Anaerobic Decomposition, or Anaerobic Digestion, is renewable energy technology, where organic materials are placed in a container and are broken down by microorganisms to create Biogas.
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The containers where the materials are stored are called anaerobic digesters. These systems are able to handle a vast variety of organics such as livestock manure, municipal wastewater solids, and even fats, oils and greases. The materials in the anaerobic digesters break down, releasing a variety of gases such as methane. These gases can be processed into Biogas, which can be used for heating and electricity, a replacement for natural gas, or as a new fuel source for transport.
In an anaerobic decomposing process, the materials are encased in the anaerobic digesters and sealed from oxygen. The organisms begin breaking down the materials into sugars to make them accessible to other bacteria. This second group of bacteria then converts these sugars into carbon dioxide, hydrogen, ammonia, and organic acids. After this, a third step occurs, methanogens convert these gases into methane and carbon dioxide.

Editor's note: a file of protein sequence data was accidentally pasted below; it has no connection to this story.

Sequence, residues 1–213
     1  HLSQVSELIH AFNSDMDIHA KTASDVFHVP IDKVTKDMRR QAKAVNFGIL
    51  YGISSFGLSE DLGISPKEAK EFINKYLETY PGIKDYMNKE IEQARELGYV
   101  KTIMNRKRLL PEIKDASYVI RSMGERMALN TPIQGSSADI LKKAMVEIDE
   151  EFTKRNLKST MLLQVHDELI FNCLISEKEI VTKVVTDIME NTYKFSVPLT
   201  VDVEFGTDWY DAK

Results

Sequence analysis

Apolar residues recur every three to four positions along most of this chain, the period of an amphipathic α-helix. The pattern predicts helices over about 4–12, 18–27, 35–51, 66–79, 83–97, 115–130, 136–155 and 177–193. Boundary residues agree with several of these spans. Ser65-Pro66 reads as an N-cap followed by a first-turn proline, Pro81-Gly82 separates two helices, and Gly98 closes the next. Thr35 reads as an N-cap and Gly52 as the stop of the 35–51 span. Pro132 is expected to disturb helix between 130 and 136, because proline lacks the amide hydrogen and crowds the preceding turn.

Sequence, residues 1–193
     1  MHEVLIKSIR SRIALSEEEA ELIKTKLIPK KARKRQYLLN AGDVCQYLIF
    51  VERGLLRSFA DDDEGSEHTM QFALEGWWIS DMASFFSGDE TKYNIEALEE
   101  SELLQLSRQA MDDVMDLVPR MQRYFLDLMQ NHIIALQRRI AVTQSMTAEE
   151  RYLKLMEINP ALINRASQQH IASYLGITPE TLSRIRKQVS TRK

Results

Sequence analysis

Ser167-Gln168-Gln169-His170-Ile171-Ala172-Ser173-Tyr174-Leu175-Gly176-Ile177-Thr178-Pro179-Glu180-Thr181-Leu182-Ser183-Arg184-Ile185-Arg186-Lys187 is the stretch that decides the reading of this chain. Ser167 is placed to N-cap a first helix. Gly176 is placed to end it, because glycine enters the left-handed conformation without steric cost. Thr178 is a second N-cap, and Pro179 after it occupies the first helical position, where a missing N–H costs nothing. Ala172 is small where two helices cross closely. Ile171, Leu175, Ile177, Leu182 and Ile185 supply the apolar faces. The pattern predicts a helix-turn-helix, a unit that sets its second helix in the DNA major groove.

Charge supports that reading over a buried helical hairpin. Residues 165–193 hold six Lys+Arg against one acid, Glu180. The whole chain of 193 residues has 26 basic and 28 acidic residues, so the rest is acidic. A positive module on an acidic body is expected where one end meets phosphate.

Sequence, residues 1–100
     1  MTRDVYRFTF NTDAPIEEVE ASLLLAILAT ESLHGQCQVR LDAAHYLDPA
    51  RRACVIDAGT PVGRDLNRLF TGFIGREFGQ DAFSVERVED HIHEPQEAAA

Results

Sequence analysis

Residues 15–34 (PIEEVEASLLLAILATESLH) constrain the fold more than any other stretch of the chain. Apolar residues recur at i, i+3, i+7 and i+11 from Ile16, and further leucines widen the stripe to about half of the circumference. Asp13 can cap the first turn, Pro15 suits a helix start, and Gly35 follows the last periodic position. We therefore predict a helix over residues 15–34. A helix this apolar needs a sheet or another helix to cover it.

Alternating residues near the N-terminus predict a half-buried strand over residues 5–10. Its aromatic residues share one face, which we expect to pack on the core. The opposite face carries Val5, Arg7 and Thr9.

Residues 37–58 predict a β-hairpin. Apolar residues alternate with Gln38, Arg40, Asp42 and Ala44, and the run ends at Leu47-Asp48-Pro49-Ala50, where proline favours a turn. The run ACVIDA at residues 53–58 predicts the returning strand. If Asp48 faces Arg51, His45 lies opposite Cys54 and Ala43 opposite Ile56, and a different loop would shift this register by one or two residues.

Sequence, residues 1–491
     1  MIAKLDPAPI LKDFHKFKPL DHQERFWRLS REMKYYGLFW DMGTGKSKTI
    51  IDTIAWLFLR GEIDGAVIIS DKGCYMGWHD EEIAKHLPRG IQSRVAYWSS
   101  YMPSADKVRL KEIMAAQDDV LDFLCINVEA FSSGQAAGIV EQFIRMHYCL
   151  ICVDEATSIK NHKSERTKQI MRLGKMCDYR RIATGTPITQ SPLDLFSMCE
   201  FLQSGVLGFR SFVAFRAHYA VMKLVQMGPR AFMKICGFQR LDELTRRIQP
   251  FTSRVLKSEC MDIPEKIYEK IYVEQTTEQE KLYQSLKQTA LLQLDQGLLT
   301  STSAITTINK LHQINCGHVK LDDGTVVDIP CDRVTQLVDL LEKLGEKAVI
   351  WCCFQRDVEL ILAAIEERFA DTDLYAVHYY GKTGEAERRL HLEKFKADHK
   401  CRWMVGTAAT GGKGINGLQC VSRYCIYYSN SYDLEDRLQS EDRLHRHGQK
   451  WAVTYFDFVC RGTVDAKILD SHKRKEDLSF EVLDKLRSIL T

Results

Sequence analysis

“Anaerobic Digestion Basics.” Energy.gov. http://energy.gov/eere/energybasics/articles/anaerobic-digestion-basics. Accessed July 5, 2016.
American Biogas Council. “What is Anaerobic Digestion.” American Biogas Council. https://www.americanbiogascouncil.org/biogas_what.asp. Accessed July 5, 2015.
DeBruyn, Jake and Don Hilborn. “Anaerobic Digestion Basics.” Ontario Ministry of Agriculture, Food and Rural Affairs. http://www.omafra.gov.on.ca/english/engineer/facts/07-057.htm. Accessed July 5, 2016.
M. Charles Gould. “Bioenergy and Anaerobic Digestion” Bioenergy. https://www.sciencedirect.com/topics/engineering/anaerobic-digestion. Accessed September 5, 2019.